Keeping Healthy at University


It's important to look after your health when away from home. This includes registering with a new GP and finding your local sexual health service.

Here are our 5 top tips for our students.



1. Register with a local GP

If, like most students, you spend more weeks of the year at your university address than your family's address, you will need to register with a GP near your university home as soon as possible. That way you can receive emergency care if you need it, and access health services quickly and easily while you're studying. It's especially important if you have an ongoing health condition, particularly one that needs medicine, such as asthma, diabetes or epilepsy.

You can choose to register with any local GP. The University Medical Centre is located within the Wellbeing Centre (1st floor).



Getting ill during the holidays

If you become unwell or need other medical treatment when you're at home or not staying near the university, you can contact your nearest practice to ask for treatment. You can receive emergency treatment for 14 days. After that, you will have to register as a temporary resident or permanent patient. If you have an urgent care need use NHS111 first.  This service can be found online; on the NHSApp or by calling 111.



2. Register with a dentist

Dental problems cannot be dealt with by doctors, so make sure you register with a local dentist. Not all treatment is free, even under the NHS. You may be able to apply for help with health costs, including prescriptions and dental care.

Find a local dentist in Plymouth and check if they are accepting new patients under the NHS here -



3. Check your vaccinations

Students are now routinely offered a vaccination to prevent meningitis W disease. All 17 and 18 year olds in school year 13 and first-time university students up to the age of 25 are eligible as part of the NHS vaccination programme. GP practices will automatically send letters inviting 17 and 18 year olds in school year 13 to have the MenACWY vaccine. But if you're a student going away to university or college for the first time, contact the GP you're registered with to ask for the MenACWY vaccine. This is because you'll be at particularly high risk in the first weeks of term, when you're likely to come into contact with many new people.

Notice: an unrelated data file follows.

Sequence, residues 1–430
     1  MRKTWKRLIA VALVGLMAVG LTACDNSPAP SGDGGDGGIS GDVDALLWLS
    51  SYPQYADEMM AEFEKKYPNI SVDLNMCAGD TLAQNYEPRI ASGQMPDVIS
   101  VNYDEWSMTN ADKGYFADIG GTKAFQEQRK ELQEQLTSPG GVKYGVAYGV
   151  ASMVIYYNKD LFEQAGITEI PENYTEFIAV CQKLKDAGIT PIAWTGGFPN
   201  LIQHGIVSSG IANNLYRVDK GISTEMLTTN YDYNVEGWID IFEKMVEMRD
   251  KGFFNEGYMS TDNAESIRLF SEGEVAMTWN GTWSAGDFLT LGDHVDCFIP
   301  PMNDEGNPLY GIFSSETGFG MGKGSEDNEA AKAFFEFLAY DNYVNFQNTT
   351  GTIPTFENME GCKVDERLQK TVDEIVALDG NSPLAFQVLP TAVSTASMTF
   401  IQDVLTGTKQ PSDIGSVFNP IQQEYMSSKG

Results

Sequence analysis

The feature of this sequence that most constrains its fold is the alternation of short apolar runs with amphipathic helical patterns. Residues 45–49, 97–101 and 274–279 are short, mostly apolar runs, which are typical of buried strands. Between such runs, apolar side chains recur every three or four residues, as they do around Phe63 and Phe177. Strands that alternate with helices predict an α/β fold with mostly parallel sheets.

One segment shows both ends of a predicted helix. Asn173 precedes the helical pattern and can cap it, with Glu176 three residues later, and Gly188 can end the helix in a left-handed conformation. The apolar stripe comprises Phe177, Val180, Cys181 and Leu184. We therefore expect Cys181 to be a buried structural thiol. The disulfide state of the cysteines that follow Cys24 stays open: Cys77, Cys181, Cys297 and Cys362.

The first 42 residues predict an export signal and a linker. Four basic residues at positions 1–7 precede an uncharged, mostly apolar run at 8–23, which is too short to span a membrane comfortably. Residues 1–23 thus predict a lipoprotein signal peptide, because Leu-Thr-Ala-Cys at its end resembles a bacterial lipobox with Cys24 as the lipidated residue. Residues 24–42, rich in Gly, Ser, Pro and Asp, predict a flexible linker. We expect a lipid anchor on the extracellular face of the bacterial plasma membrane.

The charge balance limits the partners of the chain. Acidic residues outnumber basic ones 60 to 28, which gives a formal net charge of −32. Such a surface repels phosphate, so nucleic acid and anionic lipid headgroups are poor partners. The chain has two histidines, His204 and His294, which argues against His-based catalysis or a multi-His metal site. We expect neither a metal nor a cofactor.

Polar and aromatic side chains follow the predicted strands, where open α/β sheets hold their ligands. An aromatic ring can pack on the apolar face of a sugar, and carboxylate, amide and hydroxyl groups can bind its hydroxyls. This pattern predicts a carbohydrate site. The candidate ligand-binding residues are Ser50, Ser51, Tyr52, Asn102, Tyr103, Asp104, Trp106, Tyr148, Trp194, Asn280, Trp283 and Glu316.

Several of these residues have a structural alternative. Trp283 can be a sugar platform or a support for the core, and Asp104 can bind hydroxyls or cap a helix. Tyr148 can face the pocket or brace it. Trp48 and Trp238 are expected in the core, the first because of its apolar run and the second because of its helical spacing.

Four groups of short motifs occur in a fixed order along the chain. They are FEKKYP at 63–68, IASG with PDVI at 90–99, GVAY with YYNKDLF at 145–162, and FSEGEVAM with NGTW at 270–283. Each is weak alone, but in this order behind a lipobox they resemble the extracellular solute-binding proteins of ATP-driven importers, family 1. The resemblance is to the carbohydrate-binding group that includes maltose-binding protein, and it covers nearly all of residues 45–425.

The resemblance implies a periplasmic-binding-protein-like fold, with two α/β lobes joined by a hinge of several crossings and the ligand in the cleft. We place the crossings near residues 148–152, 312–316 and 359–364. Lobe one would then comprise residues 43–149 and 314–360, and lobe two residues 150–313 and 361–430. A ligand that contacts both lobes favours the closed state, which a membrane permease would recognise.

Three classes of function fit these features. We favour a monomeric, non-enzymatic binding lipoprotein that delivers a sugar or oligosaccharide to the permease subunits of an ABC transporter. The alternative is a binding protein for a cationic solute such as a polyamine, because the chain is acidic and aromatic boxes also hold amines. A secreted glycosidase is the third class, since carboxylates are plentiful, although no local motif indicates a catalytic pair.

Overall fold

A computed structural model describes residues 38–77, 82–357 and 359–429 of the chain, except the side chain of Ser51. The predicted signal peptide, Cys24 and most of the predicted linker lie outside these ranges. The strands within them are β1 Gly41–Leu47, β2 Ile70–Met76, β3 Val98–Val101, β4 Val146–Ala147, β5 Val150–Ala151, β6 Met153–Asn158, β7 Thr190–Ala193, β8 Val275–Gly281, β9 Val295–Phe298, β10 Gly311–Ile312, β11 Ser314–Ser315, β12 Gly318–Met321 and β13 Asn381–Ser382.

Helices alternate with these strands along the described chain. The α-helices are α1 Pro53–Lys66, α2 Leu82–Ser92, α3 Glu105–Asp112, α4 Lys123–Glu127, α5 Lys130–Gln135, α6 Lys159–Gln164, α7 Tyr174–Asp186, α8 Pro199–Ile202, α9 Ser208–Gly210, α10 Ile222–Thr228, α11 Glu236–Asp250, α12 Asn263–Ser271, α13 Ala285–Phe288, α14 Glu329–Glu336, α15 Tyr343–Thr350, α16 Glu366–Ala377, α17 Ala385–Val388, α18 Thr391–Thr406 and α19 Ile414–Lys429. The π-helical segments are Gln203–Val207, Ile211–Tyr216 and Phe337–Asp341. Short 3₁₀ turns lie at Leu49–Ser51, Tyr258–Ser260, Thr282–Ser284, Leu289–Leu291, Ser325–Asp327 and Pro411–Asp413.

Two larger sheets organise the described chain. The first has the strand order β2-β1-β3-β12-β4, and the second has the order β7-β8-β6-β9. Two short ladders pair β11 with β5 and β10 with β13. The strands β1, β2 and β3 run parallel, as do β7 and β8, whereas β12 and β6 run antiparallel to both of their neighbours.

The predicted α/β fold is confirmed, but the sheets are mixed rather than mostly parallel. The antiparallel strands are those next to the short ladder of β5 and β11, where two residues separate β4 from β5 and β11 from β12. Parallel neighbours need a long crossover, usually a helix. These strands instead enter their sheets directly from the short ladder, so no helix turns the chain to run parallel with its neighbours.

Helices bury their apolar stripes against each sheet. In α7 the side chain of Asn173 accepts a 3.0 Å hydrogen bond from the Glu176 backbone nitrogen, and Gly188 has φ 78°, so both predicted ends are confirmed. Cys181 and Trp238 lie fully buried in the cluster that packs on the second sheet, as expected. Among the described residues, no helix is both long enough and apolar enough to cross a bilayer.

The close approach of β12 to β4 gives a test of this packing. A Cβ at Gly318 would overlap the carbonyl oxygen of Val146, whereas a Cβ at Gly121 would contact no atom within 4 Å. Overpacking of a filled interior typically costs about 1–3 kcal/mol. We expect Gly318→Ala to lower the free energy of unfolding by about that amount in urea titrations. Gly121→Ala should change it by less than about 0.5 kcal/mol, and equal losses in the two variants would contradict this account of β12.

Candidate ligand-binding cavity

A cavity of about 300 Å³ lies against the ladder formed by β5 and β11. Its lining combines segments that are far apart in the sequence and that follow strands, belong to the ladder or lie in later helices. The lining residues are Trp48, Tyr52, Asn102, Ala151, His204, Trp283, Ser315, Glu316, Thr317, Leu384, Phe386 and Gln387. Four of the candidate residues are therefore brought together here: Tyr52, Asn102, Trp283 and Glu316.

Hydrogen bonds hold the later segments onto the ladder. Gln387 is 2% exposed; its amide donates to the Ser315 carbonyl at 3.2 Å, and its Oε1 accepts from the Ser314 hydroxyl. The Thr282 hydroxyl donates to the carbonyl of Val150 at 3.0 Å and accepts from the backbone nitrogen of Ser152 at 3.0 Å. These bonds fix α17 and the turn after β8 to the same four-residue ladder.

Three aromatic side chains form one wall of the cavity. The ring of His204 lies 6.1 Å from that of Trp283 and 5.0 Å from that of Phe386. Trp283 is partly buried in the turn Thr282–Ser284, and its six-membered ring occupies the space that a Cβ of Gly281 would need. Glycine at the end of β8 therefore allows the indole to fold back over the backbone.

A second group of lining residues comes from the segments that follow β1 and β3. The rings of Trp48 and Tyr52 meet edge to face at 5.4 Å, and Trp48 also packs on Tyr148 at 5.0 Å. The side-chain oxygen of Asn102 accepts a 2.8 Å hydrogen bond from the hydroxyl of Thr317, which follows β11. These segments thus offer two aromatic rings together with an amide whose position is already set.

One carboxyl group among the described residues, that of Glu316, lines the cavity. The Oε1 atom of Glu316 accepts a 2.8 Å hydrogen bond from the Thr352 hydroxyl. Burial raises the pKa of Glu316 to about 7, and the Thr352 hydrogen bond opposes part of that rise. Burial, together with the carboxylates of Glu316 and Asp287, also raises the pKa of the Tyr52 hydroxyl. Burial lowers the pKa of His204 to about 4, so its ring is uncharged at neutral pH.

Mumps vaccination

Universities and colleges also advise students to be immunized against mumps before starting their studies. The MMR vaccine (for mumps, measles and rubella) is part of the routine NHS childhood immunisation schedule. This means most young people who've grown up in England will have had 2 doses of it in childhood. If you're not sure you've had 2 doses of the MMR vaccination, ask a GP for a catch-up vaccination.

Flu jab

Get an annual flu vaccination if you have asthma and take inhaled steroids. You should also get a flu vaccination if you have a serious long-term condition such as kidney disease

Covid vaccination

You’re now eligible for the covid vaccination. Book online at



4. Get contraception

Even if you do not plan to be sexually active while studying, it's good to be prepared.

Contraception and condoms are free for everyone from any GP – it does not have to be your own – or family planning clinic.


You can get free contraception and condoms from:

  • Most GP surgeries (talk to your GP or practice nurse)
  • Plymouth SHiP
  • Community contraceptive clinics
  • Some genitourinary medicine (GUM) clinics
  • Sexual health clinics (these offer contraceptive and STI testing services)
  • Some young people's services

Find your nearest sexual health service, including contraceptive clinics.

Many of these places offer information, testing and treatment for STIs, including chlamydia.

If you have been exposed to the risk of pregnancy, you may also be at risk of catching an STI.

There are lots of contraceptive methods to choose from. You should use a method that suits you, not just because your friends are using it.

Don't be put off if the first method you use isn't quite right for you: you can try another.


Sexual Health in Plymouth (SHiP) provides free and confidential sexual health and contraception services. You can contact Plymouth SHiP at



5. Rest and eat healthy food

You'll greatly increase your chances of keeping healthy by taking care of yourself.

Student life may not be renowned for early nights and healthy eating but getting enough sleep and eating well will mean you have a better chance of staying healthy.

You'll feel more energetic and be better equipped to cope with studying and exams.

Remember to:

Eating well does not have to cost a lot and is often cheaper than takeaways. Taking the time to cook simple meals instead of eating out or buying ready meals is also healthier.

You might want to try downloading the free One You Easy Meals app – available on the App Store and Google Play.


To get support from the SU Advice TeamClick here